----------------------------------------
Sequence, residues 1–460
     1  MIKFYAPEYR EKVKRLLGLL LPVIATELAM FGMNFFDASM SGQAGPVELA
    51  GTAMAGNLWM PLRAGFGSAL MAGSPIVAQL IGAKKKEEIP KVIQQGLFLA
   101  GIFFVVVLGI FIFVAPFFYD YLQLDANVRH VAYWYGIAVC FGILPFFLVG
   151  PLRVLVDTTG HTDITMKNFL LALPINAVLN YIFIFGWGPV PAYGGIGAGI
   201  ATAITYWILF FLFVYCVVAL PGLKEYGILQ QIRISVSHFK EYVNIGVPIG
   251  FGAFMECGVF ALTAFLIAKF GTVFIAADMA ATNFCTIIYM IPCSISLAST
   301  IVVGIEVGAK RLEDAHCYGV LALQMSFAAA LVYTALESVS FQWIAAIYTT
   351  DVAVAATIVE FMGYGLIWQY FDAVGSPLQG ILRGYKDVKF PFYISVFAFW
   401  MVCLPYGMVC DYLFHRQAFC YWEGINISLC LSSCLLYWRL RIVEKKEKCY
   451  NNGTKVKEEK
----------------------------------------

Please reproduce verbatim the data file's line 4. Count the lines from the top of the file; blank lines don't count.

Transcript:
   101  GIFFVVVLGI FIFVAPFFYD YLQLDANVRH VAYWYGIAVC FGILPFFLVG